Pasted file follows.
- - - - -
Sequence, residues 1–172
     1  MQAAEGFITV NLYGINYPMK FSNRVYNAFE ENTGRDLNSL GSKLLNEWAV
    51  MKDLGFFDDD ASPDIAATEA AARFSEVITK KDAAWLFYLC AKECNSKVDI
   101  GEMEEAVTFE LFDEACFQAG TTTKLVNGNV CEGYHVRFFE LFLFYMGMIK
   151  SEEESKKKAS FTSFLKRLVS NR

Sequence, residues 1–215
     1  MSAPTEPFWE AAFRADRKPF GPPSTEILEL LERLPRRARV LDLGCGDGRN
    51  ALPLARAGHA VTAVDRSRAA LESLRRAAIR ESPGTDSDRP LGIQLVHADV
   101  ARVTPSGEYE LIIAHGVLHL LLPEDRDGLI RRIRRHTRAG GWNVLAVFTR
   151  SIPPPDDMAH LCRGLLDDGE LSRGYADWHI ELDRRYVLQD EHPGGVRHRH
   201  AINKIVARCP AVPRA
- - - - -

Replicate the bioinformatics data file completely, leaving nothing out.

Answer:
Sequence, residues 1–172
     1  MQAAEGFITV NLYGINYPMK FSNRVYNAFE ENTGRDLNSL GSKLLNEWAV
    51  MKDLGFFDDD ASPDIAATEA AARFSEVITK KDAAWLFYLC AKECNSKVDI
   101  GEMEEAVTFE LFDEACFQAG TTTKLVNGNV CEGYHVRFFE LFLFYMGMIK
   151  SEEESKKKAS FTSFLKRLVS NR

Sequence, residues 1–215
     1  MSAPTEPFWE AAFRADRKPF GPPSTEILEL LERLPRRARV LDLGCGDGRN
    51  ALPLARAGHA VTAVDRSRAA LESLRRAAIR ESPGTDSDRP LGIQLVHADV
   101  ARVTPSGEYE LIIAHGVLHL LLPEDRDGLI RRIRRHTRAG GWNVLAVFTR
   151  SIPPPDDMAH LCRGLLDDGE LSRGYADWHI ELDRRYVLQD EHPGGVRHRH
   201  AINKIVARCP AVPRA